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Work Life Lead: The Steward’s Art

image“This is one of a series of columns on The Stewardship of Gratitude. Follow on Twitter at #stewardgratitude.

An artist is a person who takes common materials, joins them together to create something of beauty that can elevate people or a society’s perception of their lives.

The artist sees connections between ideas and objects, people and situations, and brings them together in a meaningful way.

Within each of us is an artist waiting to emerge.

The material of our art doesn’t have to be paint, brushes and canvas. It can be people, policies and purpose. In my Circle of Impact guide, the artist’s materials are ideas, relationships, the social environment and organizational structure. The organizational artist brings them all together to create something that elevates participants’ perception of what is possible when they join together.

Leadership is much more like art than it is a science. Circle of Impact - Fill in the Blank - blue

As the steward of the organization, the leader cares for it, strengthens it, protects it, and seeks to sustain its value through the inevitable transitions in time.

Most people I know would not label themselves as leaders, nor as an artist.

However, they would agree that they care about the people, the institutions and communities where they live and work. The question for us is,

How does our caring get expressed in ways that make a difference that matters?

When we care for something, we have chosen to become of a steward of its life. Stewardship is the practice of caring. It is more than showing up, participating in an activity, and going home. it is taking a personal stake in the progress and welfare of the group, organization or environment.

I’m sure many of you have served on boards of one kind or another. To be a board member is to be a steward of the organization’s future. There are two approaches that generally can be taken. One is to preserve the current system, and resist any change that might threaten the organization’s historic mission and approach. The other is to be first the steward of the mission, not the organization. In so doing, to creatively seek to find the best system or organizational structure for the future. This latter approach opens the organization to a far greater opportunity for the artist to creatively practice the art of leadership as stewardship.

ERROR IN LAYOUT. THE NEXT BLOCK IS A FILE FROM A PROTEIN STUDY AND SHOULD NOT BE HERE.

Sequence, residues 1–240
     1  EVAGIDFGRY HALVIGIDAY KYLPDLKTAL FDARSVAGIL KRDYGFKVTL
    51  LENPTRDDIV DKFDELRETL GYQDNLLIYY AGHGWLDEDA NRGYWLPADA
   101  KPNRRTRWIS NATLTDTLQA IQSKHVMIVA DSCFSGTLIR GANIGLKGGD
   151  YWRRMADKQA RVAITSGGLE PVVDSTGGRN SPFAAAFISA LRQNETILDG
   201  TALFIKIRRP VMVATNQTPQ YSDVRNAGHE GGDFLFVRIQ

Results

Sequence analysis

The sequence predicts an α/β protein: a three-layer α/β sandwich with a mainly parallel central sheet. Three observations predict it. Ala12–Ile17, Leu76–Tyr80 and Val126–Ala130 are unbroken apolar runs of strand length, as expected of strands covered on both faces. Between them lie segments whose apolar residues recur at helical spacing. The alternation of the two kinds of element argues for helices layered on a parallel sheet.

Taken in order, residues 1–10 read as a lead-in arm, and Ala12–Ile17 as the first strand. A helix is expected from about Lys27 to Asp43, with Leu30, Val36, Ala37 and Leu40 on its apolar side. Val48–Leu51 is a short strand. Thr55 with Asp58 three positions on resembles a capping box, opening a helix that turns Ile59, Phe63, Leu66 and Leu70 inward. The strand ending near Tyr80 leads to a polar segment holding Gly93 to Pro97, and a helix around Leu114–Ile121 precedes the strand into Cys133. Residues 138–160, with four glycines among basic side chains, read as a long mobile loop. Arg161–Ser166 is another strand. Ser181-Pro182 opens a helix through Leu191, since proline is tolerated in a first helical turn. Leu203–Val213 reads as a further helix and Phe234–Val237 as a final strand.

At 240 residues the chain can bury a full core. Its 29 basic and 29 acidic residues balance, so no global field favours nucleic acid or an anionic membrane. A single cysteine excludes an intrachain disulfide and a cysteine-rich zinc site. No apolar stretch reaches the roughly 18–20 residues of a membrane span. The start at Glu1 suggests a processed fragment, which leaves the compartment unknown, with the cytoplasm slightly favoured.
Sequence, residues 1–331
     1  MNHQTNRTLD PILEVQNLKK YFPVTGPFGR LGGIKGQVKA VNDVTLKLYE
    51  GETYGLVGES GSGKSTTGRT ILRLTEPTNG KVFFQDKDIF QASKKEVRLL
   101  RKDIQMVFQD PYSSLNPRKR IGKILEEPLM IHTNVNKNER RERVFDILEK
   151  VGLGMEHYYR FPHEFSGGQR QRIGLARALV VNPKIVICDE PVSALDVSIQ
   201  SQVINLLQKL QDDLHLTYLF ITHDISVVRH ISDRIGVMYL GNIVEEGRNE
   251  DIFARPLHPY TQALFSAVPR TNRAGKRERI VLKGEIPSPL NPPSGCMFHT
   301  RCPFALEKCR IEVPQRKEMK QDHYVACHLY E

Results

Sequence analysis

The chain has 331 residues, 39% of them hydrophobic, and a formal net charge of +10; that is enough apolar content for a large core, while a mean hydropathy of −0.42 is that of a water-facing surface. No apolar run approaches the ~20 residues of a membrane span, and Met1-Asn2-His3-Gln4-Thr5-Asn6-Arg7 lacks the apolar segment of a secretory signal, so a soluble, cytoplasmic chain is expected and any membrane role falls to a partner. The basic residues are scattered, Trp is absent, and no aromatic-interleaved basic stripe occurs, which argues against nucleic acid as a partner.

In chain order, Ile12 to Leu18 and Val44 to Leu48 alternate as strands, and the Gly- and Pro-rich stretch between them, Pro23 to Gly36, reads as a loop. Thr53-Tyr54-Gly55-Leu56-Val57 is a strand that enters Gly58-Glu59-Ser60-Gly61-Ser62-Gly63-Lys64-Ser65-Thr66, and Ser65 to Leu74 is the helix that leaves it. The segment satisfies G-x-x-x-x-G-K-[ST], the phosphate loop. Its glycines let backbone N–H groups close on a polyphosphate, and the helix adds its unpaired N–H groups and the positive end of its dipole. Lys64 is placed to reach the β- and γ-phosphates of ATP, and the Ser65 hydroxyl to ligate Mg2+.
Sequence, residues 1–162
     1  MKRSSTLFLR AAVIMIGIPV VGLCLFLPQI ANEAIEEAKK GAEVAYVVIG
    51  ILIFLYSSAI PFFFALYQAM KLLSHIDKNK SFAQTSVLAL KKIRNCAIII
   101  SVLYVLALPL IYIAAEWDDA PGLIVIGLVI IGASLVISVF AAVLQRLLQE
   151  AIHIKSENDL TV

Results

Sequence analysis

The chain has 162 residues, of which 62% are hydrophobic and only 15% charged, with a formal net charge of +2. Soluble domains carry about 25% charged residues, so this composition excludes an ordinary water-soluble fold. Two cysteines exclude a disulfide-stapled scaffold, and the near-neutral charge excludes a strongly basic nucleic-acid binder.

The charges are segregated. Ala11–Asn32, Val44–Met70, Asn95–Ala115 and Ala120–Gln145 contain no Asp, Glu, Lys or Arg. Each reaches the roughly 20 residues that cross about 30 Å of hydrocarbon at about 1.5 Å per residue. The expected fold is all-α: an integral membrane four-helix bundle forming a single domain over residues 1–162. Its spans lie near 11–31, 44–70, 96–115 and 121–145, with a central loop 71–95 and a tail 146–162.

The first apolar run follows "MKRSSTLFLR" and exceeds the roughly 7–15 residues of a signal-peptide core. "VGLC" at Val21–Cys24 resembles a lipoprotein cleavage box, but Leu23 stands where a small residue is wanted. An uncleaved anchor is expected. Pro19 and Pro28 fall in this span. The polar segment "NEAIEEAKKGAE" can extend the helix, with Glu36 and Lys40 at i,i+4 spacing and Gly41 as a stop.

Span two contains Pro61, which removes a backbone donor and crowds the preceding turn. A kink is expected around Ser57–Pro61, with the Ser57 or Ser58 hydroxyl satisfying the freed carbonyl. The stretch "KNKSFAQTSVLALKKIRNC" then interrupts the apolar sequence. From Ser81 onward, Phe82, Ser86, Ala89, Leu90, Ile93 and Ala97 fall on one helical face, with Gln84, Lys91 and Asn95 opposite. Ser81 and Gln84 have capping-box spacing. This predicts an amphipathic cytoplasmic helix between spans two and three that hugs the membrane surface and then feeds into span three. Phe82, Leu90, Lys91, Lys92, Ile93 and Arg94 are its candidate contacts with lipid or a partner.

I once worked for a client whose company had gone through a troublesome time with the unethical actions of former leaders. As stewards of the company,  the new CEO and Board Chair chose to begin their service by focusing on the values of the company. By taking this approach, they elevated everyone’s perception of the value of the company and gave employees and the community a platform from which to support the company’s development in the future. As a result this company has been recognized as one of the most trustworthy companies by Forbes magazine.

When organizational stewards are creative in their service, they first of seek to understand the materials that are available for their use. Those resources are financial, material, and human, as well as governance policies and operating structure. There is the network of supporters, the local community environment, the conceptual ideas that inform the mission of the organization, and different types of approaches to how to be an organization. The steward as artist creatively connects and blends these various materials to create a vision that inspires, guides and unifies the constituents of the company to focus together on the future. The organizational artist looks beyond the conventional use of these materials to see how new ways can bring strength and sustainability to what they care about.

The major distinction between the steward as artist and many contemporary leaders is that they understand that the work of art is more important than the artist. The culture of the artist respects the materials and seeks to exploit their potential for creating an organizational work of art of strength and sustainability.

For the organizational leader to be both steward and artist requires a presence of mind that is open and mature. The leader learns to see that which others cannot. From this vision, the leadership steward enables others to share in the steward’s art. As a result, the company becomes a work of beauty that elevates everyone’s perception of the difference that theycan make that matters. And a more sustainable environment for managing the challenges and transitions of our time is created.

Photo credit: Dan Strange

About the author

Dr. Ed Brenegar I'm a leadership speaker, writer and consultant who is a mentor and catalyst for change. I assist leaders and their teams in the transitions required to succeed in today's complex organizational environment. I live in Western North Carolina. I'm involved the Boy Scouts, a charitable leadership training group called Lessons In Leadership, an ordained Presbyterian Church USA minister, and am the host of the Say Thanks Every Day social network.

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